Although not exactly what I was looking for, the following article really surprised me. Plus, towards the end of the piece, I also came across a story of Manu. I have of course heard of stories of the great sage Manu, but hadn't known about this one.
This lecture on Jnana Yoga was delivered by Swami Vivekananda in London on June 21, 1896, and is reproduced here from his Complete Works, 2: 70-87.
Two Options: (1) Nihilism or (2) Seeking the Real
Two positions are possible. One is to believe with the nihilists that all is nothing, that we know nothing, that we can never know anything either about the future, the past, or even the present. For we must remember that one who denies the past and the future and wants to stick to the present is simply mad. One may as well deny the father and mother and assert the child. It would be equally logical. To deny the past and future, the present must inevitably be denied also. This is one position, that of the nihilists. I have never seen a person who could really become a nihilist for one minute. It is very easy to talk.
Then there is the other position--to seek for an explanation, to seek for the real, to discover in the midst of this eternally changing and evanescent world whatever is real. In this body, which is an aggregate of molecules of matter, is there anything real? This has been the search throughout the history of the human mind. In the very oldest times, we often find glimpses of light coming into the minds of people. We find men and women, even then, going a step beyond this body, finding something which is not this external body, although very much like it, much more complete, much more perfect, and which remains even when this body is dissolved. We read in the hymns of the Rig-Veda, addressed to the God of Fire who is burning a dead body, "Carry him, O Fire, in your arms gently, give him a perfect body, a bright body, carry him where the fathers live, where there is no more sorrow, where there is no more death."
The Concept of "The Fall"
The same idea you will find present in every religion. And we get another idea with it. It is a significant fact that all religions, without one exception, hold that we humans are a degeneration of what we once were, whether they clothe this in mythological words, or in the clear language of philosophy, or in the beautiful expressions of poetry. This is the one fact that comes out of every scripture and of every mythology that we as we are now are a degeneration of what we were. This is the kernel of truth within the story of Adam's fall in the Jewish scripture. This is again and again repeated in the scriptures of the Hindus; the dream of a period which they call the Age of Truth (satya-yuga), when no one died unless they wished to die, when they could keep their bodies as long as they liked, and their minds were pure and strong. There was no evil and no misery; and the present age is a corruption of that state of perfection.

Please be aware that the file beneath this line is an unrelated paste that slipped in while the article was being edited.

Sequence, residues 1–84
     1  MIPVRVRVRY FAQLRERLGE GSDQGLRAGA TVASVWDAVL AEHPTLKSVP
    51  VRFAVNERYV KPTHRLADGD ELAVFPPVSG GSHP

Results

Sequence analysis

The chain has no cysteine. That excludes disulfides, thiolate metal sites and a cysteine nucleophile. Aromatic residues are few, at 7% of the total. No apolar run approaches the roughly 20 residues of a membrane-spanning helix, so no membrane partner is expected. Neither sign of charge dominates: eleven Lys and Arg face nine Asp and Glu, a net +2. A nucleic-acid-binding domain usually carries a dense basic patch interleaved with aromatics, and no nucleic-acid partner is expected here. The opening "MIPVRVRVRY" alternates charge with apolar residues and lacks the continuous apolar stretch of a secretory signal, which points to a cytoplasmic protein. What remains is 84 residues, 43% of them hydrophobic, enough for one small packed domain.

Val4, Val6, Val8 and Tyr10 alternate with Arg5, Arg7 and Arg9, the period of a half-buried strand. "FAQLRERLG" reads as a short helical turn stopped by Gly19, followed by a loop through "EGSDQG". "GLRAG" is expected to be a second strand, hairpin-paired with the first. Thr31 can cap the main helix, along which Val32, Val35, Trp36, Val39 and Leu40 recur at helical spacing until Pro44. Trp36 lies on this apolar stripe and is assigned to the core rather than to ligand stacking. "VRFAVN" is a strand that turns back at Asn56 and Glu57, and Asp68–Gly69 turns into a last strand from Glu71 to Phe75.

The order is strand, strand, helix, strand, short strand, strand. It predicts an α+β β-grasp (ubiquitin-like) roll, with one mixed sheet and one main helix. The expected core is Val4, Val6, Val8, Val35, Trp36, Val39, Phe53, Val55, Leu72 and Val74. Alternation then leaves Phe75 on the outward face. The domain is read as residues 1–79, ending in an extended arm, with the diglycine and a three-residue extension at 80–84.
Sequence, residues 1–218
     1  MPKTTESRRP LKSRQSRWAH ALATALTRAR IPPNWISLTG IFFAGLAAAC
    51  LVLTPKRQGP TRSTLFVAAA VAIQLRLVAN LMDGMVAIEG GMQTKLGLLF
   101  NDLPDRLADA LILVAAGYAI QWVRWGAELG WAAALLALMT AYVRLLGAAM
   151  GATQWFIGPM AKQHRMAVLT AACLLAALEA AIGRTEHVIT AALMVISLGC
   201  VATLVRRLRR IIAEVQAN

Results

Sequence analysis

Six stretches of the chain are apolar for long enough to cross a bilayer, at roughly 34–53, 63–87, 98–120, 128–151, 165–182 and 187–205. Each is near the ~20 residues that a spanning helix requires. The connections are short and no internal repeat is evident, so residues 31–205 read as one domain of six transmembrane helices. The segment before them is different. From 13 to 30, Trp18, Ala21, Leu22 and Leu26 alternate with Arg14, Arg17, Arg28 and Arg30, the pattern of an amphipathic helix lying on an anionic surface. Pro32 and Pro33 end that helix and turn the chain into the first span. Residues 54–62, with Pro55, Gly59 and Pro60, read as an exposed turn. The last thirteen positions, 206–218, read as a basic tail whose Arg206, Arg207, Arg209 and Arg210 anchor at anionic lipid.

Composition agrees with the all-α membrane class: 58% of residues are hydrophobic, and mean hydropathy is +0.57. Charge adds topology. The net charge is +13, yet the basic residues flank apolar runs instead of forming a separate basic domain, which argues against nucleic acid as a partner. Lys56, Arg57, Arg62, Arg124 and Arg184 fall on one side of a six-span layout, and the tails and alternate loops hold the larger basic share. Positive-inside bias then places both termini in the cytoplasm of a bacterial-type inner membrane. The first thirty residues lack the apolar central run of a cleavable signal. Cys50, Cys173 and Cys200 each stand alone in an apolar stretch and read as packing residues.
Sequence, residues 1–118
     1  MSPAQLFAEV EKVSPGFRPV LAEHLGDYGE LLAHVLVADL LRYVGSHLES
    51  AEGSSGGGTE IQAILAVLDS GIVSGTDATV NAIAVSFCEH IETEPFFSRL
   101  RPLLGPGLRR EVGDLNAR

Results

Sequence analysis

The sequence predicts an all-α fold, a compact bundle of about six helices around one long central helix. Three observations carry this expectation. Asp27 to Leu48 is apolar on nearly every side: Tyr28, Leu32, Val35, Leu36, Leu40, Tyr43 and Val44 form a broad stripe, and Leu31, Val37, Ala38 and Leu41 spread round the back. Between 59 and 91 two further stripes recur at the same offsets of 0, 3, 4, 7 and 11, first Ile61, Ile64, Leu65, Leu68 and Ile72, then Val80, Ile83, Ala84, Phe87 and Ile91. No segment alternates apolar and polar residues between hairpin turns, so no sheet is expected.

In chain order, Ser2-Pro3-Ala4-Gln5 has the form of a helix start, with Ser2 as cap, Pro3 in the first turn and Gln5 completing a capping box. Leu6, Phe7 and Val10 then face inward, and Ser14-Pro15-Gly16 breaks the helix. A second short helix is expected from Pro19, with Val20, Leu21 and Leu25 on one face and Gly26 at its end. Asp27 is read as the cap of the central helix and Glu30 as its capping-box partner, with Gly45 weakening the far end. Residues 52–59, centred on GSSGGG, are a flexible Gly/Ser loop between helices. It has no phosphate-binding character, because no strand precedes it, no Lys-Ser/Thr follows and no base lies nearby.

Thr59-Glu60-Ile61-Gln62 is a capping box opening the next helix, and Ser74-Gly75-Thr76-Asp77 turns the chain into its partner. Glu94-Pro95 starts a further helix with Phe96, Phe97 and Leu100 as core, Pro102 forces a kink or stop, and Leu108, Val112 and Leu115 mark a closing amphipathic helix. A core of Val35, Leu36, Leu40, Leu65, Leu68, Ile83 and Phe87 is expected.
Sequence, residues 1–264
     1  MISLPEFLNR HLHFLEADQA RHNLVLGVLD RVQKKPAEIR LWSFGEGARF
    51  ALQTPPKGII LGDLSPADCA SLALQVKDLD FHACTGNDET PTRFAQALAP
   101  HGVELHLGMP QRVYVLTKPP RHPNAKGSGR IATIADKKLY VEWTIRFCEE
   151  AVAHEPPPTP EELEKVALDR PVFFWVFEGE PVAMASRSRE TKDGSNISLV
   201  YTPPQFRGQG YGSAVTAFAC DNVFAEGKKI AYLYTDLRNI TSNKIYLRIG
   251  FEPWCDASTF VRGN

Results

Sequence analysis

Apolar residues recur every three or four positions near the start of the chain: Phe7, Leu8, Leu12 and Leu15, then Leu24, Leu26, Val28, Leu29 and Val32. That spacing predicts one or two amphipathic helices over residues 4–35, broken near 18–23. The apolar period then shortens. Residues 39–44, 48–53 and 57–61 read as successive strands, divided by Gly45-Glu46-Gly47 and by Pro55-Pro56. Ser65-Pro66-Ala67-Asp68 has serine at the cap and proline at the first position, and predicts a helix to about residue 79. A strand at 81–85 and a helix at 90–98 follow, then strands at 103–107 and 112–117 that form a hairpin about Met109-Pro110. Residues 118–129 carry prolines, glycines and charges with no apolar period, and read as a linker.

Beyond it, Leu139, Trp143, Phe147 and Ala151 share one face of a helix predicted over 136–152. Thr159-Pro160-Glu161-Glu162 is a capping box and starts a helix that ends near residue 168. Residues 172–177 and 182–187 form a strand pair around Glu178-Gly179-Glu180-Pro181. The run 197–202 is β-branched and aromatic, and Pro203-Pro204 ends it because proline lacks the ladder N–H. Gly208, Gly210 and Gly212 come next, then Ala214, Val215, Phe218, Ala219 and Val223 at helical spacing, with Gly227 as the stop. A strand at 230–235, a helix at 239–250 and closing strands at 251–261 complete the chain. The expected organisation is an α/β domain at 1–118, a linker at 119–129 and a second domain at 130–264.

Side by side with this, we find the story of the deluge everywhere. That story itself is a proof that this present age is held to be a corruption of a former age by every religion. It went on becoming more and more corrupt until the deluge swept away a large portion of humanity, and again the ascending series began. It is going up slowly again to reach once more the early state of purity. You are all aware of the story of the deluge in the Old Testament. The same story was current among the ancient Babylonians, the Egyptians, the Chinese, and the Hindus. Manu, a great ancient sage, was praying on the bank of the Ganga, when a little minnow came to him for protection, and he put it into a pot of water he had before him. "What do you want?" asked Manu. The little minnow declared he was pursued by a bigger fish and wanted protection. Manu carried the little fish to his home, and in the morning he had become as big as the pot and said, "I cannot live in this pot any longer." Manu put him in a tank, and the next day he was as big as the tank and declared he could not live there any more. So Manu had to take him to a river, and in the morning the fish filled the river. Then Manu put him in the ocean, and he declared, "Manu, I am the Creator of the universe. I have taken this form to come and warn you that I will deluge the world. You build an ark and in it put a pair of every kind of animal, and let your family enter the ark, and there will project out of the water my horn. Fasten the ark to it; and when the deluge subsides, come out and people the earth." So the world was deluged, and Manu saved his own family and two of every kind of animal and seeds of every plant. When the deluge subsided, he came and peopled the world; and we are called "man", because we are the progeny of Manu.